What is the infection risk post-intravitreal injections in immune | 59858
Journal of Clinical and Experimental Ophthalmology

Journal of Clinical and Experimental Ophthalmology
Open Access

ISSN: 2155-9570

What is the infection risk post-intravitreal injections in immune suppressed patients?

35th European Ophthalmology Congress

October 27-28, 2021 WEBINAR

Yazan Fakhoury and Samer Elsherbiny

Leeds University Teaching Hospitals NHS Trust, UK
Machen Eye Unit, Warwick Hospital, UK
Warwick Medical School, University of Warwick, Coventry, UK

Posters & Accepted Abstracts: JCEO

Abstract :

Background: Infectious endophthalmitis is a sight-threatening complication occurring in 0.025% of patients following Intravitreal Injection (IVI) secondary to microbial infection. 0.015% of cases are culture-positive cases, suggesting sterile endophthalmitis is less common in IVI procedures (2). Although some evidence broadly suggests an increased rate of infection in immune suppression, particularly patients with malignancy, older age, rheumatological conditions and immunosuppressive therapy, some studies have reported otherwise. Current guidance states no difference in the approach to IVI for immune suppressed groups. Due to low overall risk of endophthalmitis from anti-VEGF IVI and lack of large-scale studies investigating association between infection rate and immune suppression, analysis of local data and comparison with published research is therefore warranted to answer this question. Purpose: To understand how immune suppression can predispose to development of infection after IVI compared with non-immune suppressed patients. Methods: All patients who were undergoing IVIs between September 2012 to April 2021 and were immune suppressed (due to clinical condition and/or treatment) were included. Patient notes from the Medisoft electronic database were identified and reviewed for information pertaining to underlying condition; treatment status during study period; indication for IVI; duration and frequency of injections and incidence of intra-vitreal infection during the study period. All IVIs were performed in a designated injection room following minimum infection control measures as per the Royal College of Ophthalmologists guidance. Clinical assessment and imaging between IVI treatment cycles informed follow-up. Results: A total of 23 IVIs were performed on 19 patients (42% male; 58% female). Mean age 79 years (range, 59-92 years). Underlying malignancy (n=18) or renal transplant (n=1) caused immune suppression with 79% (n=15) of patients on active treatment for these conditions at the time of IVI. Myeloma (16%), leukaemia (21%) and metastatic breast cancer (16%) were the most frequently occurring conditions. There were no reported instances of post-injection sterile inflammation or infection despite use of standard antisepsis protocol. Average treatment duration was 43 months (range, 7-102 months) and 25 injections (range, 8-26 injections) were given on average in that period. Discussion: Previous studies have been unable to demonstrate a clear association between infection risk in immune suppression. Based on this retrospective, observational study conducted in a single centre, there appears to be no increased incidence of infection compared with non-immune suppressed patients. Longevity and rising cancer incidence in the general population has prompted the importance of addressing immune suppression and establishing the infection risk for future cohorts undergoing IVI therapy. Current guidelines adequately manage infection risk, regardless of patient immune status, but would require a larger, prospective, comparative study.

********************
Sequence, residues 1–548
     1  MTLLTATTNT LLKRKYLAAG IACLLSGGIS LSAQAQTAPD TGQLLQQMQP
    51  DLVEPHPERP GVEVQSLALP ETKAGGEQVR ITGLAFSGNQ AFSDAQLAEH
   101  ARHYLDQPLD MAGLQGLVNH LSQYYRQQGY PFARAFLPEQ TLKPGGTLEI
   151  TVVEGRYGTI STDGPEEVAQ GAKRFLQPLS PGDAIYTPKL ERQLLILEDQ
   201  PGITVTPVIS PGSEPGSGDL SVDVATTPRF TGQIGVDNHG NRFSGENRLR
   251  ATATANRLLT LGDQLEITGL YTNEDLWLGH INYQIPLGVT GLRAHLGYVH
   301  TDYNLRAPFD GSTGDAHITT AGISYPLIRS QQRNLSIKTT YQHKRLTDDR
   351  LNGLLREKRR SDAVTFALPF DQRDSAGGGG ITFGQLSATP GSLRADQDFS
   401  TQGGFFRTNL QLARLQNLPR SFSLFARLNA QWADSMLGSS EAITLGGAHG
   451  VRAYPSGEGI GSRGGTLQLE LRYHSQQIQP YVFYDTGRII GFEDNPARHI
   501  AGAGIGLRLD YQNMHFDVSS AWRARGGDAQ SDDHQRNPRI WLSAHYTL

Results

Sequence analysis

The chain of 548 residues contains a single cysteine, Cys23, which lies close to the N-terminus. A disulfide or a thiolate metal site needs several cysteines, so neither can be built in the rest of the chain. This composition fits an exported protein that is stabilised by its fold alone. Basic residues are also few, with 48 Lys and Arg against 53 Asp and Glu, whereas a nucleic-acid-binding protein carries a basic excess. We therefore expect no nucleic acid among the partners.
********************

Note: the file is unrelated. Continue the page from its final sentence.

Recent Publications:
1. Mukherjee C, Al-Fahad Q, Elsherbiny S. The role of optical coherence tomography in therapeutics and conditions, which primarily have systemic manifestations: a narrative review. Therapeutic Advances in Ophthalmology. 2019;11:251584141983115.
2. Gale R, Mahmood S, Devonport H, Patel P, Ross A, Walters G et al. Action on neovascular age-related macular degeneration (nAMD): recommendations for management and service provision in the UK hospital eye service. Eye. 2019;33(S1):1-21.
3. Andreatta W, El-Sherbiny S. Evidence-Based Nutritional Advice for Patients Affected by Age-Related Macular Degeneration. Ophthalmologica. 2014;231(4):185-190.
4. Sharif W, Sheikh K, De Silva I, Elsherbiny S. Nonarteritic anterior ischemic optic neuropathy associated with interferon and ribavirin in a patient with hepatitis C. American Journal of Ophthalmology Case Reports. 2017;5:52-55.
5. Lip P, Malick H, Damer K, Elsherbiny S, Darrad K, Mushtaq B et al. One-year outcome of bevacizumab therapy for chronic macular edema in central and branch retinal vein occlusions in real-world clinical practice in the UK. Clinical Ophthalmology. 2015;:1779.
6. Mukherjee C, Mitra A, Kumar N, Elsherbiny S, Lip P. Macular Hole Formation After Intravitreal Ranibizumab Injection in WetAge-Related Macular Degeneration. The Open Ophthalmology Journal. 2015;9(1):177-180.
7. Crosby N, Mushtaq B, Dimopoulos A, Lip P, Stavrou P, El-sherbiny S et al. Effect of initial retinal thickness on outcome of intravitreal bevacizumab therapy for diabetic macular edema. Clinical Ophthalmology. 2014;:807.

Biography :

Yazan Fakhoury is from Leeds University Teaching Hospitals NHS Trust, Leeds, UK . He published many articles in reputed journals.